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Akram on verge of 500
Faisal Shariff in Cape Town |
February 21, 2003 23:06 IST
Andy Flintoff wants to be Wasim Akram's 500th one-day victim on Saturday. Well, sort of.
"I don't mind the honour if I am on 135 when I am dismissed," the England all-rounder quipped as Akram, with 498 wickets in his bag, prepares to become the first bowler in the shorter version of the game to touch the 500 mark.
Flintoff is no pushover, and the Pakistanis haven't forgotten his 60-ball knock of 84 in Karachi two years ago. But
the expectations are high as a great bowler approaches a landmarks in ODI cricket.
Only West Indian Courtney Walsh has tasted the thrill of 500 against his name, but in Test cricket.
The possibility of Akram achieving the landmark is only a sideshow -- although a big sideshow -- when England and Pakistan joust at the Newlands in a key Pool A match on Saturday.
With both sides struggling with their batting, Pakistan skipper Waqar Younis said he believed whichever side bowled well would win the match. Besides Akram and Younis, Pakistan has the superfast Shoaib Akhtar in its ranks. A flat wicket with a few cracks on it, the game could well be decided by the toss. With both sides laying emphasis on the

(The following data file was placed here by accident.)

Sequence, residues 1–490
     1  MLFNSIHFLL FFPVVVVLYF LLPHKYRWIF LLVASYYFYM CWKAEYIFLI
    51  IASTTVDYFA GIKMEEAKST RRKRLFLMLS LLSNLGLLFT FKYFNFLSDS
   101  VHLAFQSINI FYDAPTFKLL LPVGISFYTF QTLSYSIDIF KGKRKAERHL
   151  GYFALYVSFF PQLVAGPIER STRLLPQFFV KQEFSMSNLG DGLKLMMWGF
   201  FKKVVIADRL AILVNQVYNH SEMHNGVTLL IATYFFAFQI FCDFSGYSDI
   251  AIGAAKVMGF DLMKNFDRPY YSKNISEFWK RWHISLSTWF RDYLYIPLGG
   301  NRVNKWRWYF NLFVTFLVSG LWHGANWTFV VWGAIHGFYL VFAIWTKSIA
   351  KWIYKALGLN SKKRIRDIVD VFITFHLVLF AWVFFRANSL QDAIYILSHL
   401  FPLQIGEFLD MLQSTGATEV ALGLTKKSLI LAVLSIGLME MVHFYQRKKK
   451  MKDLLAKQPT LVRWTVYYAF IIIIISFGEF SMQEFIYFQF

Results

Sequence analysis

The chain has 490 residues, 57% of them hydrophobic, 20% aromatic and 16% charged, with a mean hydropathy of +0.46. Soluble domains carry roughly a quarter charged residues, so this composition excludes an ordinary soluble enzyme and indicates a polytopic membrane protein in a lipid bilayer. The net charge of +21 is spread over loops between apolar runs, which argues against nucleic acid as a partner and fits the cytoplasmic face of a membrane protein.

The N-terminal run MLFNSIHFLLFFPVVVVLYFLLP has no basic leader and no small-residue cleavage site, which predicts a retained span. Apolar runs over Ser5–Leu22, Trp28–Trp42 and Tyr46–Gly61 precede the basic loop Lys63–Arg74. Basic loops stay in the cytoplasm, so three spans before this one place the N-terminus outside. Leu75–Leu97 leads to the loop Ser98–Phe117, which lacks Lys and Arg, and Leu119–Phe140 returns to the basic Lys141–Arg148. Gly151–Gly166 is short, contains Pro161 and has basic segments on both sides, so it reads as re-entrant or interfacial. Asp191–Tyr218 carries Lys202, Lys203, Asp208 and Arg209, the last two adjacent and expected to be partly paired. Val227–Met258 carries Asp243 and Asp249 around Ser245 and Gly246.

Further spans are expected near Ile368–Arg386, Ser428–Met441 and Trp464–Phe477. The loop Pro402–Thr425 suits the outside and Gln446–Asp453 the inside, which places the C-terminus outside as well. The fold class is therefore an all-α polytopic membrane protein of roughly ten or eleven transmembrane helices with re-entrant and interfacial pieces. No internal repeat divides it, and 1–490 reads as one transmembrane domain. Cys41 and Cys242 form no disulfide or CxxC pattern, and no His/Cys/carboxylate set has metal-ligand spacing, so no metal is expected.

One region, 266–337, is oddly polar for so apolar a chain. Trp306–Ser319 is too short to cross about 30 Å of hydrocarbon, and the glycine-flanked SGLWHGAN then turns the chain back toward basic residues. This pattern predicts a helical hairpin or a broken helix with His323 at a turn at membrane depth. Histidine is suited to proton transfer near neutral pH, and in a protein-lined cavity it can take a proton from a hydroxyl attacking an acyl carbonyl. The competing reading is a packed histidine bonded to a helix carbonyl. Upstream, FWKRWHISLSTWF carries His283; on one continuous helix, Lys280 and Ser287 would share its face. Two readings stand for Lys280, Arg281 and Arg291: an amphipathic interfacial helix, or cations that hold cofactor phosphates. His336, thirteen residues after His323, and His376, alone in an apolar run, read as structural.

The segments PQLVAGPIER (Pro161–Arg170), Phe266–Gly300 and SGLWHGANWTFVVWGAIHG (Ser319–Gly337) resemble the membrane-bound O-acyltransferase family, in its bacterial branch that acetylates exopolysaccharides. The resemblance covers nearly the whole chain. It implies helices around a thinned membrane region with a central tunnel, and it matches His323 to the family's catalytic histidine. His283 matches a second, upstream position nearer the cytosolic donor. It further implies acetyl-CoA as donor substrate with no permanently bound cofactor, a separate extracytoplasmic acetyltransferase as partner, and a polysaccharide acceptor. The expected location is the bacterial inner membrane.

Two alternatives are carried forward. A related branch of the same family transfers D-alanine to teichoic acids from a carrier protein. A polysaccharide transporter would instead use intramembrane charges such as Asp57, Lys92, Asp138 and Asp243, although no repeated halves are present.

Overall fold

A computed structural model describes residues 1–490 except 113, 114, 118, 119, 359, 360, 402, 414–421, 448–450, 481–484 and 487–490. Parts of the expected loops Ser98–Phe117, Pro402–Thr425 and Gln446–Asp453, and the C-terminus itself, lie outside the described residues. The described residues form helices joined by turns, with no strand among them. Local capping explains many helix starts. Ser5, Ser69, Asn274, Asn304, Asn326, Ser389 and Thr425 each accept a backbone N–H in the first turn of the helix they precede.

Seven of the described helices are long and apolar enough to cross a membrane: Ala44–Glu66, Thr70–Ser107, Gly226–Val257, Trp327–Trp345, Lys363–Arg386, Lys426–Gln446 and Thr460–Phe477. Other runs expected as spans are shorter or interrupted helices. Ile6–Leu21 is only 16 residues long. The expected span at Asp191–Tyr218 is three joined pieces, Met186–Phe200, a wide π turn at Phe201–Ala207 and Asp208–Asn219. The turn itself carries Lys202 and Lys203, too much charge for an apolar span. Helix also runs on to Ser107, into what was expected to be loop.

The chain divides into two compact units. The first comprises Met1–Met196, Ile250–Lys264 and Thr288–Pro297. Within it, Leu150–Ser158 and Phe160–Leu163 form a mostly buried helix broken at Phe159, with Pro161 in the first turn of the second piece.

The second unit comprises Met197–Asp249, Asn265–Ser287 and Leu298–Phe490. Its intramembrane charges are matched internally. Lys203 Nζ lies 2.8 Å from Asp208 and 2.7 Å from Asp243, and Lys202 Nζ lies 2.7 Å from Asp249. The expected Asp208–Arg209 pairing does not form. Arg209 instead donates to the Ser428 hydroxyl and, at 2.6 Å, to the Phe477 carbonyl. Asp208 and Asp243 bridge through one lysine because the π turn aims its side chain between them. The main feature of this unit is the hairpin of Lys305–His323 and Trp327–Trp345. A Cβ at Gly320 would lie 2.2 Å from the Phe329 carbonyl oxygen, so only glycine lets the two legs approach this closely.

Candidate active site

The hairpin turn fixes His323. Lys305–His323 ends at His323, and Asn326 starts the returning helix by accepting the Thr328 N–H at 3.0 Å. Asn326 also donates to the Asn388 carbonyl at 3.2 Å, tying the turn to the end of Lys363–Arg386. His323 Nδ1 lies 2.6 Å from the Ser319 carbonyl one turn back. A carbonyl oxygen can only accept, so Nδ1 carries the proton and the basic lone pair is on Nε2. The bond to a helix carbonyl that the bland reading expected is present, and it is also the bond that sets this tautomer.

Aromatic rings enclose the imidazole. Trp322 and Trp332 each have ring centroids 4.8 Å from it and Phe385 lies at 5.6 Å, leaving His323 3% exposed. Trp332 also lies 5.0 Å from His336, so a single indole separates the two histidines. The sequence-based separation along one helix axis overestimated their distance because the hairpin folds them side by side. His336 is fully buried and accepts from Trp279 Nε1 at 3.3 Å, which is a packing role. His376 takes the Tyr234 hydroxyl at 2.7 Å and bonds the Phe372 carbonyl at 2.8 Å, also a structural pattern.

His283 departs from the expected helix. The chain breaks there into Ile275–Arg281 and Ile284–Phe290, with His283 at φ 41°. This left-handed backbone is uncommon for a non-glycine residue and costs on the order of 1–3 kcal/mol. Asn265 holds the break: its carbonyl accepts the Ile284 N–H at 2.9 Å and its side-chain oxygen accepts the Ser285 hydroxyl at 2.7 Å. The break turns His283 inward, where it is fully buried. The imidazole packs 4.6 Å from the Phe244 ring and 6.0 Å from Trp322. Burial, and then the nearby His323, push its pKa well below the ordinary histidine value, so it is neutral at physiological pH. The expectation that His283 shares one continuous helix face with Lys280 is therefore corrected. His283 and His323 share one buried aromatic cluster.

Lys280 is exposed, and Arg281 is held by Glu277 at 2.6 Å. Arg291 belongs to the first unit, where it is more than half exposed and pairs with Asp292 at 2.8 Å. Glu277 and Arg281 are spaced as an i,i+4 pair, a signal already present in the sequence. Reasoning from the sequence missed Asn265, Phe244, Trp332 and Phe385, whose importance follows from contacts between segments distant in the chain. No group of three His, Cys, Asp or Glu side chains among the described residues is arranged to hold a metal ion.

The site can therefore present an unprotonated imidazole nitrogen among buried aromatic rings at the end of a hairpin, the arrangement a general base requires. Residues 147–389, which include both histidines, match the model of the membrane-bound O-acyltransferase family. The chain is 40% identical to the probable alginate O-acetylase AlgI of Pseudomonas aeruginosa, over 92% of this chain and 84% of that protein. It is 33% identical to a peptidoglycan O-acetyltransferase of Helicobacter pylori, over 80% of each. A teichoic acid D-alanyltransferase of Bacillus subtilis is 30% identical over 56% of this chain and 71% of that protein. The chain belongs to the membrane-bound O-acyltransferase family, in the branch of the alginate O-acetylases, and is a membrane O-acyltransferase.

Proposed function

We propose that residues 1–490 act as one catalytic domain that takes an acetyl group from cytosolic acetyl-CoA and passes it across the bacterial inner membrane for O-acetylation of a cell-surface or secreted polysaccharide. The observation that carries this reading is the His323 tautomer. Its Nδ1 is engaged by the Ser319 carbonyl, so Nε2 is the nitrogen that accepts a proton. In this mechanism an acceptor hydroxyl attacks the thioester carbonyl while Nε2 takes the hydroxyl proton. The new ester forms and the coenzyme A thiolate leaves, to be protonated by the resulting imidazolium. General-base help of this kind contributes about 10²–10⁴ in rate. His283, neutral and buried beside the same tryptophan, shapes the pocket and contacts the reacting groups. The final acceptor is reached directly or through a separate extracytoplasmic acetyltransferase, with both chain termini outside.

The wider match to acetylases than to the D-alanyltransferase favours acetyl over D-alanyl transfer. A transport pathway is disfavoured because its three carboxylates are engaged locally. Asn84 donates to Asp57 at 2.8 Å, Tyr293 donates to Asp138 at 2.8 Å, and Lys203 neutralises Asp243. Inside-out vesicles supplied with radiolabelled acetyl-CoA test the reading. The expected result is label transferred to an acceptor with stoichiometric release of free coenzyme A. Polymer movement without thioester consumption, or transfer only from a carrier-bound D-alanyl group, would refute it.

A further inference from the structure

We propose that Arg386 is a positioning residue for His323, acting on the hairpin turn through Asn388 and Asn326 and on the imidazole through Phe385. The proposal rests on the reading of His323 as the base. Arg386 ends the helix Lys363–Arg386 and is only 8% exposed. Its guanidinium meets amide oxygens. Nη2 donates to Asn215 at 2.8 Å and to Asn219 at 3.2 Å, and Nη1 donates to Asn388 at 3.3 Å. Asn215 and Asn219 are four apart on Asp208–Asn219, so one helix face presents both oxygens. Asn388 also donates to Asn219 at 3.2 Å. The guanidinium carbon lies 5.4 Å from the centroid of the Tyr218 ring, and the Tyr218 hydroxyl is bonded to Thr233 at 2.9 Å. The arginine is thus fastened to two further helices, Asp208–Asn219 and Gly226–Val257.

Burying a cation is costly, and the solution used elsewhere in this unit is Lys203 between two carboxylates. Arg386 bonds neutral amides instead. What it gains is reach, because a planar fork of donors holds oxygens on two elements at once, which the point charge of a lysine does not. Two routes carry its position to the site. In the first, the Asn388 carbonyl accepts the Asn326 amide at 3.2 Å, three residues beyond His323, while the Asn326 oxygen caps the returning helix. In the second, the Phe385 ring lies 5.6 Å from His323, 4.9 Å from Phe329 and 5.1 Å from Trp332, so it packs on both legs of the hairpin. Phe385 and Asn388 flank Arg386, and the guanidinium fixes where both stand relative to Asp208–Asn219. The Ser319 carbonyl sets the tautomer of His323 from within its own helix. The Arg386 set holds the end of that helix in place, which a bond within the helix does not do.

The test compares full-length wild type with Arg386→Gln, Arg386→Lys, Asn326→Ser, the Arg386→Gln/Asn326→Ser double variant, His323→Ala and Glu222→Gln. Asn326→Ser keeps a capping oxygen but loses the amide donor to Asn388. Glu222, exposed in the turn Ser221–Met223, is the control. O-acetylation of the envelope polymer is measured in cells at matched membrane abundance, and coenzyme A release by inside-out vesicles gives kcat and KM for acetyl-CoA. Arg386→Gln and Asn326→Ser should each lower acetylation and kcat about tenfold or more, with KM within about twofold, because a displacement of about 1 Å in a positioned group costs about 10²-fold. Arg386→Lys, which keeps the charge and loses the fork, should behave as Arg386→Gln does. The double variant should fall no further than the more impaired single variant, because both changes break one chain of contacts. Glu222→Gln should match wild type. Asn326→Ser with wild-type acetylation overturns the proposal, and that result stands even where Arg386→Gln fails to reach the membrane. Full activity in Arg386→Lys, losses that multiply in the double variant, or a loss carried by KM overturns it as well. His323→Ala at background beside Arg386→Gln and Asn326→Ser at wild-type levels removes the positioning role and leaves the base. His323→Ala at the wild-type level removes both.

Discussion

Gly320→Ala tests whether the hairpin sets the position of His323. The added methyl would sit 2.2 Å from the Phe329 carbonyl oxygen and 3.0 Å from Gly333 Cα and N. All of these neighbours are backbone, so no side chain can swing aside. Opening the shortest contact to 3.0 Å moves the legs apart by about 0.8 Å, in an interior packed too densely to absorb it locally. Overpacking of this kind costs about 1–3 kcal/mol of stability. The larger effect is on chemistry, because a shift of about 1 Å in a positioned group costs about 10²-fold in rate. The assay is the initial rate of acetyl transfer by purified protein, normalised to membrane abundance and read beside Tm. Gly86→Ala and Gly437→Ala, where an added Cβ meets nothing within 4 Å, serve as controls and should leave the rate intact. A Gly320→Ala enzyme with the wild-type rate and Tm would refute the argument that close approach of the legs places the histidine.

toss, it is certain both sides will look to boost their batting line-up.
"My team is bowling well," Waqar said. "I expect Inzamam and Yousuf Youhana to get some runs tomorrow. We need to put things right in the middle of the innings when we bowl. I reckon Saqlain Mushtaq will be very important for us."
Only one player in the current Pakistani team has a World Cup hundred: Saeed Anwar got two centuries in the 1999 tournament in England.
Waqar has played under Duncan Fletcher for Glamorgan, and he knows the England coach reads the opposition's weaknesses well.
The Pakistani skipper admitted his team usually relaxed after a good win, and that was the reason for their inconsistent
"It will be a different ball game tomorrow. I have no doubt we will play our best cricket. The English team is a very competitive side and we have to be careful about Marcus Trescothick and Andy Flintoff," he said.
Pakistan's South Africa-born coach Richard Pybus summed up his wards best when he said the team was full of talented individuals and that the real challenge for him was to bring them together.
Consistency is the key to Pakistan winning the World Cup, he said.
Playing his fourth World Cup, Inzamam will be aware of the fact that he has yet to get a hundred in the tournament.
"He is hardly batting at the moment," Pakistan media manager Samiul Hasan said. "He has just been standing around. The idea is to make him hungry for runs."